World Wildlife Fund Sustainability Works

Better business for a better Earth

At World Wildlife Fund, we believe deeply in the private sector’s ability to drive positive environmental change. WWF Sustainability Works is a forum for discussion around strategies, commitments, technologies and more that will help businesses achieve conservation goals that are good for the planet and their bottom lines. Follow WWF Sustainability Works on twitter at @WWFBetterBiz.

filtered by category: WWF Markets Institute

  • Date: 20 November 2023
  • Author: Katherine Devine, WWF

It started when my three-year-old was around 18 months. I would make my way downstairs to begin one of the most important morning rituals: preparing my coffee. I say my coffee because, while it is for me and my spouse, I’m the one that downs more than half our pot most days.

I open the cabinet, take out a bag of locally roasted beans, and pour it in the burr grinder. My kid then begins what we’ve now dubbed “The Coffee Dance,” where they like to dance to the rhythm of the coffee grinder. I don’t think I will ever stop doing The Coffee Dance, even when my kid loses interest, which I’m sure will be sooner than I’d like.

While the coffee is grinding, I fill up my electric tea kettle to warm the water. I get out one of my (three) French presses or, if I’m feeling fancy, my Chemex. I pour in the ground up beans, followed by a little water to let them bloom briefly, then the rest of the water.

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  • Date: 03 November 2023
  • Author: Fernando Bellese, Senior Director for Beef and Leather Supply Chains, WWF

Leather is a byproduct of beef production, but increasingly consumers of leather are calling for leather manufacturers to help ensure that hides they process are sustainably sourced — not coming from cattle raised on land that was deforested and converted to pasture, but rather supporting biodiversity and reduction in food sector emissions.

Cattle ranching is the major driver of deforestation in Brazil, Paraguay, and Argentina, where millions of hectares of forest are cleared each year to make way for new pastures. The beef (and therefore leather) industry also contributes indirectly to deforestation through its supply chain.

Leather companies have begun to organize their efforts and manage their supply chains to combat deforestation. Last week, at the annual Textile Exchange conference in London, World Wildlife Fund, Textile Exchange and Leather Working Group launched the Call to Action Working Group, a collection of consumer brands, including fashion, retail, and automobile companies, that are striving to eliminate leather from their supply chains that is produced from cattle raised on recently deforested areas.

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  • Date: 24 October 2023
  • Author: Katherine Devine

While I may have visited my first coffee farm in Costa Rica while studying abroad, I fell in love with coffee production a few years later in the Dominican Republic. Assigned by the Peace Corps to a small town, Juncalito, I was fortunate to be placed with extremely kind people, in a stunning landscape with a perfect climate, and given the pleasure of working with the Juncalito Coffee Producers’ Association. At this formative time in my life, I was privileged to experience firsthand the challenges faced by smallholder farmers and their tenacity, love for the earth, and truly delicious coffee.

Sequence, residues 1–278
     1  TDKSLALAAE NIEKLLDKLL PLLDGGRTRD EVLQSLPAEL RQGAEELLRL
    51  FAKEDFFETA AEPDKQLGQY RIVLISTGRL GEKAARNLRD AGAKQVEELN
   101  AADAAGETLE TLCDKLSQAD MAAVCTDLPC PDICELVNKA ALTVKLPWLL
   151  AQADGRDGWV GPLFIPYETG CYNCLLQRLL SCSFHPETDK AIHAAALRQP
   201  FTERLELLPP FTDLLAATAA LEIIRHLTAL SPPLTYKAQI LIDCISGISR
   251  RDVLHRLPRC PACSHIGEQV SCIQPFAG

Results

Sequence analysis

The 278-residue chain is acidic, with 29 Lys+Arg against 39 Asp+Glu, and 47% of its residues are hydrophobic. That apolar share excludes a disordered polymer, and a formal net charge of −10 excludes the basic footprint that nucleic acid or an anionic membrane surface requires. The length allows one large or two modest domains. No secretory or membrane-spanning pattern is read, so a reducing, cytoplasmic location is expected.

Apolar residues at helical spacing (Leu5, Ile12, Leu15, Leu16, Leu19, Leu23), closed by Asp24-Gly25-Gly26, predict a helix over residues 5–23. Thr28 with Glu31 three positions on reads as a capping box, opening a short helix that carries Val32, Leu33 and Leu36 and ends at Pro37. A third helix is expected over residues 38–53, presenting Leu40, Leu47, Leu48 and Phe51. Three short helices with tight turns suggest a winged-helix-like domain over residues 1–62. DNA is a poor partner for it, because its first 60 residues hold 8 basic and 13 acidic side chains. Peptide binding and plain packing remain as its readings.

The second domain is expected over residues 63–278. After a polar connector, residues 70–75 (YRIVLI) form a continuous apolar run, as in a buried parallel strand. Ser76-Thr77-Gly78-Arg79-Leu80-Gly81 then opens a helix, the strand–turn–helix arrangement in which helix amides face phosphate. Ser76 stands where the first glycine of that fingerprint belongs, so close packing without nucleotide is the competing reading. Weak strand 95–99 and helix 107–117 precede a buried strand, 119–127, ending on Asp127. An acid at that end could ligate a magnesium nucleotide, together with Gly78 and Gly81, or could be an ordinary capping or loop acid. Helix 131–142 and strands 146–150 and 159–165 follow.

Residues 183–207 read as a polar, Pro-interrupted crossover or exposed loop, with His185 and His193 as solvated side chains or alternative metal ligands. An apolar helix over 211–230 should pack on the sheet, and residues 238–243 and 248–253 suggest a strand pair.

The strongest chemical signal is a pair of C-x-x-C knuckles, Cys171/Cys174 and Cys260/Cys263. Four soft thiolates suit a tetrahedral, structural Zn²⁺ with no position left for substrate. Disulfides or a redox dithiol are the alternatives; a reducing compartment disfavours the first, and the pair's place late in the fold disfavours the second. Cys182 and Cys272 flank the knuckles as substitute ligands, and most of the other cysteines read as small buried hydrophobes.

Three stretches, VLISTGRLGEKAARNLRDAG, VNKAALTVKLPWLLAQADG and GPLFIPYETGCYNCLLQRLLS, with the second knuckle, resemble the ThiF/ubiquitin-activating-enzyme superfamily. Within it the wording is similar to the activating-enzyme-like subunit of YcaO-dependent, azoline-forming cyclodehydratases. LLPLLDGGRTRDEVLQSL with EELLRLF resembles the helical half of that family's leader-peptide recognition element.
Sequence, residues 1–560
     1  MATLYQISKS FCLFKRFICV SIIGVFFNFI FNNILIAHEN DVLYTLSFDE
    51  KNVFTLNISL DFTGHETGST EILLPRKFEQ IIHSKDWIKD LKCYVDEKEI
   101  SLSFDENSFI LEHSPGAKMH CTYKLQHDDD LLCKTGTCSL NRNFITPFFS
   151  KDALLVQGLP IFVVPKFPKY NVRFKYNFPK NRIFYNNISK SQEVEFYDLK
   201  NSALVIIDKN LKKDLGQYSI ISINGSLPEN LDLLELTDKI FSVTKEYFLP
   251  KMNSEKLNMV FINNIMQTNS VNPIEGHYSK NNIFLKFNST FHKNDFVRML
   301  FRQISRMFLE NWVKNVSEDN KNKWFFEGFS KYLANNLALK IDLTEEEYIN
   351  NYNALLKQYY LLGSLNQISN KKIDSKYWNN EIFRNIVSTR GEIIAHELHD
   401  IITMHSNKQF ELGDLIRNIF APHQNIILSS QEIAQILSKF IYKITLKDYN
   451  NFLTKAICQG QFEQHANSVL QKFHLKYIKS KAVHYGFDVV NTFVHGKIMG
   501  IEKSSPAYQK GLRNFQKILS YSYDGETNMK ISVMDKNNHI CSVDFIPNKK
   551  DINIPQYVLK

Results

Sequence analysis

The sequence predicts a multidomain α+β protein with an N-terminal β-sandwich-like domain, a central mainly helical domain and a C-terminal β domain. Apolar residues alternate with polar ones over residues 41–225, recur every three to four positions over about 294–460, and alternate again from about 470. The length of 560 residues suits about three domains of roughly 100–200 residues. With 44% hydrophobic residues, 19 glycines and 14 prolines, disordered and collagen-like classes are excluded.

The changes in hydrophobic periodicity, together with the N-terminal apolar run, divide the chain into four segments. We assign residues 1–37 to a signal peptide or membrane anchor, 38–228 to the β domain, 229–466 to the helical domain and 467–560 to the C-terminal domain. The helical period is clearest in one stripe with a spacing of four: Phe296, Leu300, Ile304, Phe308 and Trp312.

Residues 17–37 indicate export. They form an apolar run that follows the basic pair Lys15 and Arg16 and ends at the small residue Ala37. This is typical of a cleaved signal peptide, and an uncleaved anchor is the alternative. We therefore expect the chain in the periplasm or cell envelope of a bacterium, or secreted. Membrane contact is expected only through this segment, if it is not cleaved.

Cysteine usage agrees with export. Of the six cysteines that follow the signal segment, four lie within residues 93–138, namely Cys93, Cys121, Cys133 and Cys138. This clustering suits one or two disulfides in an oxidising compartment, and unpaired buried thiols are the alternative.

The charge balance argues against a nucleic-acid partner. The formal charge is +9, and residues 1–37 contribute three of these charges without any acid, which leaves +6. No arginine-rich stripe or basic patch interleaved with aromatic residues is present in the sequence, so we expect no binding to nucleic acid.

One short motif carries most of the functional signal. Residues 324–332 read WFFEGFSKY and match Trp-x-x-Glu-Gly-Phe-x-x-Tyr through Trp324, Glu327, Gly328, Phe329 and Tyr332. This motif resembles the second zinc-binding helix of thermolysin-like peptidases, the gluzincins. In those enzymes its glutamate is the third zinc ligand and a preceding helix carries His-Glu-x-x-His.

Katherine Devine

When I learned last year that my team at WWF would be working on a series of papers on measuring and mitigating greenhouse gas (GHG) emissions across key commodities, and that coffee would be one of them, I jumped at the chance to work on the project.

During my time in the DR, I saw firsthand how climate conditions can affect productivity and quality, making the difference between earning more for specialty coffee and selling for rock bottom commodity prices. I was curious to dive into WWF’s research to learn more about GHG emissions in coffee production, and what could be done to support farmers facing the direct impacts of climate change.

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  • Date: 10 October 2023
  • Author: Amanda Zhu, Markets Institute Research Intern

We know that no one organization or company alone could ever solve the nature or climate crises. That’s why leading companies recognize that cleaning up their internal operations is not enough; for change at a global scale, they must influence entire industries to shift toward more responsible practices.

But since change at this scale is slow and complex, how do you track if and by how much your organization is influencing the conversation and effecting change? Could it be possible to assign hard numbers to such an abstract concept?

This summer, I endeavored to answer those questions, researching and building a methodology to define and efficiently track influence in the future. I specifically studied the influence of case studies authored by WWF’s Markets Institute, but the lessons I learned could be applied to multiple uses.

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  • Date: 04 October 2023
  • Author: Corey L. Norton

New and proposed environmental, social, and governance (ESG) laws and regulations in the U.S. and EU represent a major step toward reducing greenhouse gas emissions, illegal deforestation and conversion of land, illegal fishing, and forced labor.